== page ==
Even as a young man, Len Klorfine was thinking ahead. As a stockbroker and then a venture capitalist, he was part of a group that invested in the first digitized ticker tape, allowing stockbrokers to get information with the push of a few buttons.
“I was the only non-engineer in the group,” remembers Klorfine.
Now, after a long, successful career in real estate, Len and his wife, Norma, are thinking about the best way to give back to their community. They’ve supported the environment and culture. And, more recently, vision research at UW Medicine.
“Norma had seen Dr. Van Gelder for a minor eye problem,” says Len. “Then he showed us around the UW Medicine Eye Institute. We were very impressed with him and the institute’s research efforts, and the rest was history!”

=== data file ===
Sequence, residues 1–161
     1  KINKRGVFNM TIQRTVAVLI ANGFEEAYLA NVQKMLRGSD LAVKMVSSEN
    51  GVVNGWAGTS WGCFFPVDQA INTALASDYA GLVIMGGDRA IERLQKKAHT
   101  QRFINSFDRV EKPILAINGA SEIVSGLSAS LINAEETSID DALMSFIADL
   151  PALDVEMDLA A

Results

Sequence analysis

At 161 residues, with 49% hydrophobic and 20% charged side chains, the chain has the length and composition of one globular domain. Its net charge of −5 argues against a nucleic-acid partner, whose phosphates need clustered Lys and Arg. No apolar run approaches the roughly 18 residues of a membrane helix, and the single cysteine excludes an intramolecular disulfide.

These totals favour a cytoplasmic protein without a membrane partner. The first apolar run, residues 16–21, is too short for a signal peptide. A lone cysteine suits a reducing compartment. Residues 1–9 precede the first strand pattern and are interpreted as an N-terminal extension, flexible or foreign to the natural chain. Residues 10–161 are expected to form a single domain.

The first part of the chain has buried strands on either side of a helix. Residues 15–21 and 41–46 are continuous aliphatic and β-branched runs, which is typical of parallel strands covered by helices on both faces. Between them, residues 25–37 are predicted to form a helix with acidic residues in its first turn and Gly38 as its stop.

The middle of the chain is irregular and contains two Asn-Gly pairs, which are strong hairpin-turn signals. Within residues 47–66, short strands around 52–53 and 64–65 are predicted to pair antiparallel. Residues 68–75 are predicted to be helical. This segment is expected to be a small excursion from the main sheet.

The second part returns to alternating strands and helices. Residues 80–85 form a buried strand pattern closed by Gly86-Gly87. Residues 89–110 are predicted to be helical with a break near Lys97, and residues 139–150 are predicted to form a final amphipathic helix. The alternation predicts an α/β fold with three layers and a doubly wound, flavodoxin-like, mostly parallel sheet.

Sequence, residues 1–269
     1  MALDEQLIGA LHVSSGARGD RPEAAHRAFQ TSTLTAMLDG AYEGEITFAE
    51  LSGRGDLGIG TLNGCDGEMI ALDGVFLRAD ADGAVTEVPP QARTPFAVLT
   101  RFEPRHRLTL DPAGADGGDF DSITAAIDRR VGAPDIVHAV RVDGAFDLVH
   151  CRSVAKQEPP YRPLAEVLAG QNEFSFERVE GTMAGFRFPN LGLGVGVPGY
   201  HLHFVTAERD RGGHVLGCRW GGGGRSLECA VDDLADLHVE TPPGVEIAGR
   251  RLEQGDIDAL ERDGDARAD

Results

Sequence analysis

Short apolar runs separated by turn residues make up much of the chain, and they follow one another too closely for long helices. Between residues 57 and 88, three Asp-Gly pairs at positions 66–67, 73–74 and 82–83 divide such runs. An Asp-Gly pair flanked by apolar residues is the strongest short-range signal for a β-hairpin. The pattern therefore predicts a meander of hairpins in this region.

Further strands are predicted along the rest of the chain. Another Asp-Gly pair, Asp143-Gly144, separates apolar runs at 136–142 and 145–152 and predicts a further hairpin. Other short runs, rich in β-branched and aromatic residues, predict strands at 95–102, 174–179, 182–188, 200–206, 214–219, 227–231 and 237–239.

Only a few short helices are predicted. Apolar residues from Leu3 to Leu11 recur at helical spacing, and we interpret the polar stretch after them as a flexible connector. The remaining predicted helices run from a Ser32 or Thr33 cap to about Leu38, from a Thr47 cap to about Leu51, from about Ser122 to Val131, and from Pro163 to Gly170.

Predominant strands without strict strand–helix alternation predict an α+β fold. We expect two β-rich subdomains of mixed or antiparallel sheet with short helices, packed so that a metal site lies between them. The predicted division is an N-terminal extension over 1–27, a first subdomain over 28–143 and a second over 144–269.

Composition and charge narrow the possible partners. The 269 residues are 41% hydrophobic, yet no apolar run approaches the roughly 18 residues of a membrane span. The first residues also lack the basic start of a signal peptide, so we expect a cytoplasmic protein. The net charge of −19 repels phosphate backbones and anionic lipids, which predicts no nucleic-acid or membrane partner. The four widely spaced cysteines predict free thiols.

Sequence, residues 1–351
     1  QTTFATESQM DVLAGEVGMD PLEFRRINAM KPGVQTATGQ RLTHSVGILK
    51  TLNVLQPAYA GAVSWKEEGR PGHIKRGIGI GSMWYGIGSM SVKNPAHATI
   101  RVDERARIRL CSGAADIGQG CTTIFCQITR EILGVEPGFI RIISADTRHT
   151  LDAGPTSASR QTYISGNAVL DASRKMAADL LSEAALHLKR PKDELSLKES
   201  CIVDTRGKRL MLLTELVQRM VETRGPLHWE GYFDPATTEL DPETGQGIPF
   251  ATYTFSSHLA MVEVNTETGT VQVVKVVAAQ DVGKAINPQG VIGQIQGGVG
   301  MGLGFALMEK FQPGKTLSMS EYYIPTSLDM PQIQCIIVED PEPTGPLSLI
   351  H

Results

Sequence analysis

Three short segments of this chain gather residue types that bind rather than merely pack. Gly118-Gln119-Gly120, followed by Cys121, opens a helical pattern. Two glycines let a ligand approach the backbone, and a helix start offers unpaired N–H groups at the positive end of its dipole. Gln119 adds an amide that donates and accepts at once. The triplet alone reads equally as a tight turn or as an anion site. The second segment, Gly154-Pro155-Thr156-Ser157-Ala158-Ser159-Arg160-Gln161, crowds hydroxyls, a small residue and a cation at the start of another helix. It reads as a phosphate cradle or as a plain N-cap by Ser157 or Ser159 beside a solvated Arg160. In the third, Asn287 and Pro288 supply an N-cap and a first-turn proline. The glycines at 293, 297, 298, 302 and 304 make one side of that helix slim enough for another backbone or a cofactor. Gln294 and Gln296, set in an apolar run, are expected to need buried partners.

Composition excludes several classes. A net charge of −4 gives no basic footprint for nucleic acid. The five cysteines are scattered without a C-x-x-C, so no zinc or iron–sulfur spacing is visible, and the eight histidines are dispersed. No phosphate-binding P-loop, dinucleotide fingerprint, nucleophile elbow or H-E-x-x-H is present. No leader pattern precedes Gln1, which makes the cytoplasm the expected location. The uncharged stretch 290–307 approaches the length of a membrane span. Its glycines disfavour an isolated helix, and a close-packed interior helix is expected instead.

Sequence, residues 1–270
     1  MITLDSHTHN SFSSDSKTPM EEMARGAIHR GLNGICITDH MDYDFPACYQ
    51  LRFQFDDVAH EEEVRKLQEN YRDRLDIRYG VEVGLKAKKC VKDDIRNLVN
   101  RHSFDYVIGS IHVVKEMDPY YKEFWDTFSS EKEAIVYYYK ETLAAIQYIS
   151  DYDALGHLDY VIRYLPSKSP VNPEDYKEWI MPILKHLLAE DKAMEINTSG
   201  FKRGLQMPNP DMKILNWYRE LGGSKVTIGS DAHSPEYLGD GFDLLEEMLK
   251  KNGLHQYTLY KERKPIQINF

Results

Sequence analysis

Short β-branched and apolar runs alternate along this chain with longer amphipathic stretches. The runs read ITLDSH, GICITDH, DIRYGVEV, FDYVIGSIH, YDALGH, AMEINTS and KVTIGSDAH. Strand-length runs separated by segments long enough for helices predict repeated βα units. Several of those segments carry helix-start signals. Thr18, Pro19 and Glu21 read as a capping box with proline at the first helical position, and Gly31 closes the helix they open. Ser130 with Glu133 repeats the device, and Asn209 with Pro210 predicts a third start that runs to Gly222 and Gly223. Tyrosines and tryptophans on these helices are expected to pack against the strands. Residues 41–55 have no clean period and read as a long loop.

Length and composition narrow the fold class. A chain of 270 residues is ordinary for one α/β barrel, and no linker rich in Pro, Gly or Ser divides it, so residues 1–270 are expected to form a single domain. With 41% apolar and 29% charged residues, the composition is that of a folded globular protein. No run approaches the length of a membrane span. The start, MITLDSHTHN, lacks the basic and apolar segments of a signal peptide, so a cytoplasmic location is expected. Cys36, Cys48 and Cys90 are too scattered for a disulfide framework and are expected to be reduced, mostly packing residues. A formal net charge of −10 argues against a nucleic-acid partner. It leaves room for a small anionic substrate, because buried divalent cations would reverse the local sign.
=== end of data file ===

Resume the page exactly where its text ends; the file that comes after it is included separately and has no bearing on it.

Knowing that research was a priority at the institute, the Klorfines endowed a new vision-related chair, which will help the Department of Ophthalmology recruit and retain faculty in the competitive world of academic medicine. “We thought they could do a lot of good by recruiting the very best people,” Len says.
The couple hopes that their gift will spur innovative treatments and cures for macular degeneration and glaucoma, frequent causes of blindness.
“Everybody stands to benefit from new discoveries in vision research,” says Klorfine. “With this gift, we’re making human lives better, and it’s where we think we can do the maximum amount of good in the long run.”
It’s no surprise that the way they decided to give — by creating an endowment — was also done with an eye toward the future.
“We like to endow because the money can be invested and hopefully grow, as opposed to being spent immediately,” says Klorfine. “Even though we’re up there in age, we still tend to look long-term. That’s where the benefit is.”